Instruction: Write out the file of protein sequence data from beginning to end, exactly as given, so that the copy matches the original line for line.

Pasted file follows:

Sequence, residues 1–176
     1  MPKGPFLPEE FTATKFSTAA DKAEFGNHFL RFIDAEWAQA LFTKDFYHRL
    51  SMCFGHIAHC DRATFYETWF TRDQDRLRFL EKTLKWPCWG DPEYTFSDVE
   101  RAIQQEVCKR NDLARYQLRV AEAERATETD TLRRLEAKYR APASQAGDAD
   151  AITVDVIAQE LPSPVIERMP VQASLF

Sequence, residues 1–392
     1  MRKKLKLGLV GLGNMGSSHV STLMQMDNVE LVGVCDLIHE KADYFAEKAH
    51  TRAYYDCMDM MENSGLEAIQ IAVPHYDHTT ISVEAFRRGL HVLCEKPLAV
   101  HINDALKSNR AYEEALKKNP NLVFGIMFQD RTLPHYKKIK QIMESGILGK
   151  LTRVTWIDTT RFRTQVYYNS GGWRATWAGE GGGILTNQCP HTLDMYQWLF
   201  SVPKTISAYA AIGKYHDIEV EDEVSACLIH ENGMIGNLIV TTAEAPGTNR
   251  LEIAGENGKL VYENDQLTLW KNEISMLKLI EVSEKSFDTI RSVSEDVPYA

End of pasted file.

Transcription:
Sequence, residues 1–176
     1  MPKGPFLPEE FTATKFSTAA DKAEFGNHFL RFIDAEWAQA LFTKDFYHRL
    51  SMCFGHIAHC DRATFYETWF TRDQDRLRFL EKTLKWPCWG DPEYTFSDVE
   101  RAIQQEVCKR NDLARYQLRV AEAERATETD TLRRLEAKYR APASQAGDAD
   151  AITVDVIAQE LPSPVIERMP VQASLF

Sequence, residues 1–392
     1  MRKKLKLGLV GLGNMGSSHV STLMQMDNVE LVGVCDLIHE KADYFAEKAH
    51  TRAYYDCMDM MENSGLEAIQ IAVPHYDHTT ISVEAFRRGL HVLCEKPLAV
   101  HINDALKSNR AYEEALKKNP NLVFGIMFQD RTLPHYKKIK QIMESGILGK
   151  LTRVTWIDTT RFRTQVYYNS GGWRATWAGE GGGILTNQCP HTLDMYQWLF
   201  SVPKTISAYA AIGKYHDIEV EDEVSACLIH ENGMIGNLIV TTAEAPGTNR
   251  LEIAGENGKL VYENDQLTLW KNEISMLKLI EVSEKSFDTI RSVSEDVPYA